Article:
ASRock Phantom Gaming X Radeon RX590 8G OC Review

Software

We poked around to see if ASRock’s customers were having the same noise issues as us and noticed that the company recommends its Phantom Gaming Tweak software to enthusiasts looking for a quieter experience.

The utility is simple, well-organized, and informative. It gives you the option of choosing between four different operating modes: OC Mode, Default, Silent Mode, and User Mode.

In OC Mode, the Phantom Gaming X Radeon RX590 held a steady 1591 MHz in FurMark. However, it took an astronomical 3400 RPM to keep its GPU at 78°C. Before you start overclocking a graphics processor that began life in the Radeon RX 480, was reborn as Radeon RX 580, and was tweaked again to become Radeon RX 590, understand that extracting additional headroom is going to be a battle.

Default mode offers a better balance. The clock rate under FurMark drops to 1426 MHz, but we record a lower 75°C GPU temperature while the fans spin at a more conservative 2930 RPM. The card’s actual target in this mode is 1560 MHz (31 MHz less than the OC mode target), so non-constrained games would yield better performance.

Dropping to Silent mode has a big impact on noise, slowing the fans to 2410 RPM. ASRock’s card shoots for a 1528 MHz target, but only achieves 1083 MHz at 67°C in FurMark. A hotter GPU would necessitate faster-spinning fans and that’d defeat the purpose of such a mode altogether.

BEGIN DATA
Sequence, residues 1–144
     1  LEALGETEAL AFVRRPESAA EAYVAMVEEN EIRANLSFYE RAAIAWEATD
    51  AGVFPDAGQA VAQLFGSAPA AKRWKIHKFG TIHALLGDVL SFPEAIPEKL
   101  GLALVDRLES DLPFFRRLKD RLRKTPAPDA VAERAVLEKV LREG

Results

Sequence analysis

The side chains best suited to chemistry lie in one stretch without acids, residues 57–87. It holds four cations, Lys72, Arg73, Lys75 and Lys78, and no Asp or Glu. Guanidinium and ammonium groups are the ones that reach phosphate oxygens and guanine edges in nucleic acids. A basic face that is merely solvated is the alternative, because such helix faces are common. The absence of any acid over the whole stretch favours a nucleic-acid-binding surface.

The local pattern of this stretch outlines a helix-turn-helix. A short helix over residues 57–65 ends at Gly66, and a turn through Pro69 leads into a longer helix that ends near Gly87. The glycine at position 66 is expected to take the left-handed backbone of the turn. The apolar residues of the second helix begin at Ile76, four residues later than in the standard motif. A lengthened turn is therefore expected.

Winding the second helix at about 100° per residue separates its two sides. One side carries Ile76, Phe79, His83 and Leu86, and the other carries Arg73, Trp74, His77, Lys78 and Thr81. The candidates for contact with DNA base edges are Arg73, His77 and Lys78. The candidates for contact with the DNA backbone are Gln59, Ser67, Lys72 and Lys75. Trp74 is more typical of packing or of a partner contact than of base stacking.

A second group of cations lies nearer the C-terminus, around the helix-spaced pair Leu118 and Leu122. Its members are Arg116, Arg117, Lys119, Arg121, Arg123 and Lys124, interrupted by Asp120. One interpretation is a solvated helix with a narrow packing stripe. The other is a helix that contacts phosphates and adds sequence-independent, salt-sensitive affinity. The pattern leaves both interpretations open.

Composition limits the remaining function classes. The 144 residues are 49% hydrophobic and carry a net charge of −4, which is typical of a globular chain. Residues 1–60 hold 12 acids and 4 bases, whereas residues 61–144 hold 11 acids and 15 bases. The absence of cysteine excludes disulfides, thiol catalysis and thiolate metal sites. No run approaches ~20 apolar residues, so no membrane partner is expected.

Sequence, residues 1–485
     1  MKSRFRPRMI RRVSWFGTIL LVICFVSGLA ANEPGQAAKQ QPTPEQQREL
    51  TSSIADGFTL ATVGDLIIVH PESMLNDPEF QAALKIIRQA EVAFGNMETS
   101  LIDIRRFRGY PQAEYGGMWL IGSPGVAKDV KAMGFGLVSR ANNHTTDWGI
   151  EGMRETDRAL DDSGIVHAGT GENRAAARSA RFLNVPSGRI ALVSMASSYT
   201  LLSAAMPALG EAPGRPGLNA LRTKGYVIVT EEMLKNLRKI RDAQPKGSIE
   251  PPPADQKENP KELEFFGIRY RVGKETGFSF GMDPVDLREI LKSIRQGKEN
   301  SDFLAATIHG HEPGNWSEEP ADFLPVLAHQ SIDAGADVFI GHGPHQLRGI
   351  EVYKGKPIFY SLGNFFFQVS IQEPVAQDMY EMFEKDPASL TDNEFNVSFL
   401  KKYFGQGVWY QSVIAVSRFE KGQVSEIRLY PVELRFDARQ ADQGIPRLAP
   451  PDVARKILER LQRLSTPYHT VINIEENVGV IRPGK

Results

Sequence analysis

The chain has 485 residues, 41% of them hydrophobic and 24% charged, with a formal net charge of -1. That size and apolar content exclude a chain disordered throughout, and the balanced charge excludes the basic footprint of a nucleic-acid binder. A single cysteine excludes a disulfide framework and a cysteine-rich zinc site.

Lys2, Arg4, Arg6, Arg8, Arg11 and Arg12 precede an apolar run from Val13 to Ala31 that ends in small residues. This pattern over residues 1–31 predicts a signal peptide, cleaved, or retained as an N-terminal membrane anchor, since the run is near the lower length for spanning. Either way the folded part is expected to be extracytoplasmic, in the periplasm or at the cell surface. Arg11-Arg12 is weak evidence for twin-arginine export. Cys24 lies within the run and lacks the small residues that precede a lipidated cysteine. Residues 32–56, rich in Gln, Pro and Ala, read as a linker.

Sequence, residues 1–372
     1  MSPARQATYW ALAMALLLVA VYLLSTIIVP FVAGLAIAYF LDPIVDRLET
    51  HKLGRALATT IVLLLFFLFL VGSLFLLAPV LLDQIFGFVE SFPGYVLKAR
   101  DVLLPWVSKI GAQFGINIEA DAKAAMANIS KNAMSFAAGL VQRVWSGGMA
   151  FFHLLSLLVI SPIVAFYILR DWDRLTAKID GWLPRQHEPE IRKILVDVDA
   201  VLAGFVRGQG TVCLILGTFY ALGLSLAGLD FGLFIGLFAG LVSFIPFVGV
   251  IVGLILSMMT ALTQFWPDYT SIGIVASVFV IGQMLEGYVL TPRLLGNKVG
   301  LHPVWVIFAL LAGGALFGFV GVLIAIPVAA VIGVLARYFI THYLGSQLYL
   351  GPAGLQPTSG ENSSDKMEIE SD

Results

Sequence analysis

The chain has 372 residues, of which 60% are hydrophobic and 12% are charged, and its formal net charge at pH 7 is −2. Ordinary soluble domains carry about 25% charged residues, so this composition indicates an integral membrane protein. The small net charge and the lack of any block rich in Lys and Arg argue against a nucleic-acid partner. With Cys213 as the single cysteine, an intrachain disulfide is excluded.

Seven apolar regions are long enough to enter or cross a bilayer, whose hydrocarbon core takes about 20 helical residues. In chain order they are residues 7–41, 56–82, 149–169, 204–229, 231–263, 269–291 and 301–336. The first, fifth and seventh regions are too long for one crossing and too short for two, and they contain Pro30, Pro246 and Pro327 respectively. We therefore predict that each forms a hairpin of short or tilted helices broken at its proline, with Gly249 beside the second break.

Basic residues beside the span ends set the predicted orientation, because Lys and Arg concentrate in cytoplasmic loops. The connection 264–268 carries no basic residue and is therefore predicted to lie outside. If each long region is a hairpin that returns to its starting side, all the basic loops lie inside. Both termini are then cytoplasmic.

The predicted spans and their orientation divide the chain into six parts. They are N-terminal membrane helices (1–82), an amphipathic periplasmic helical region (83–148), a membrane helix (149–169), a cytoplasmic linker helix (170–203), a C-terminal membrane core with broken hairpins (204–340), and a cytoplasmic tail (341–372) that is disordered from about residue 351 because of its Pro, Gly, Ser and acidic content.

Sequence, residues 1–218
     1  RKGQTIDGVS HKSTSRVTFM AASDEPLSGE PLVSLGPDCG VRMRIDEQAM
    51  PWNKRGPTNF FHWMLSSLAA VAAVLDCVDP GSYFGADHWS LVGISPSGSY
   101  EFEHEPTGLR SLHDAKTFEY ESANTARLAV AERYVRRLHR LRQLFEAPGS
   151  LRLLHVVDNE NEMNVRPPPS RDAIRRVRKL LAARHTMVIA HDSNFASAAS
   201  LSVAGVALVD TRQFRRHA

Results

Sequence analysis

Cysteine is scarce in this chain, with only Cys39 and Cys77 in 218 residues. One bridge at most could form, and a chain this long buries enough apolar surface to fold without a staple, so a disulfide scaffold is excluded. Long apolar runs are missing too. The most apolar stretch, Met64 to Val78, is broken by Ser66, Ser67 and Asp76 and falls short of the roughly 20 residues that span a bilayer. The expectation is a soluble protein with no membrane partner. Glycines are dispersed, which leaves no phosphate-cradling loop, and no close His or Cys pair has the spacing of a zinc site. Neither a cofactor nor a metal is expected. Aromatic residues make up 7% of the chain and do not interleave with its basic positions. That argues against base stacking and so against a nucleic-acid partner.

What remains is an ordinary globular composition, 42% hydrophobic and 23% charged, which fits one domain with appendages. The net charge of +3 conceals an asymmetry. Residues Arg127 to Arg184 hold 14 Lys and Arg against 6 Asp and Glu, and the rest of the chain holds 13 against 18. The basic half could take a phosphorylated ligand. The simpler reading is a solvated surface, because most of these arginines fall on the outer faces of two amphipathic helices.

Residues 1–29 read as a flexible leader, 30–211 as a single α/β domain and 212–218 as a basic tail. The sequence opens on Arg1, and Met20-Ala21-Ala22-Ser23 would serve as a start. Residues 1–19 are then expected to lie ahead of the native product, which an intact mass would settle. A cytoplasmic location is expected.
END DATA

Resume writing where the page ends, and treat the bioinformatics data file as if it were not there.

User Mode opens up all of the knobs and dials, allowing you to try your hand at optimizing beyond what ASRock’s team could achieve. Core/memory clock rates, voltages, power limits, temperature limits, and fan curve settings are all adjustable. By dragging points around the Fan Tuning line chart, we were able to keep the card’s fans spinning (they switch on above 25% duty cycle) and ramp up more smoothly. But there’s no getting around the fact that taxing workloads require lots of airflow to maintain performance. Tweak the fans to reduce noise and you’ll end up with hotter temperatures, necessitating lower voltages and clock rates. Shoot for the moon on overclocking and don’t be surprised when a noisy card gets even louder.

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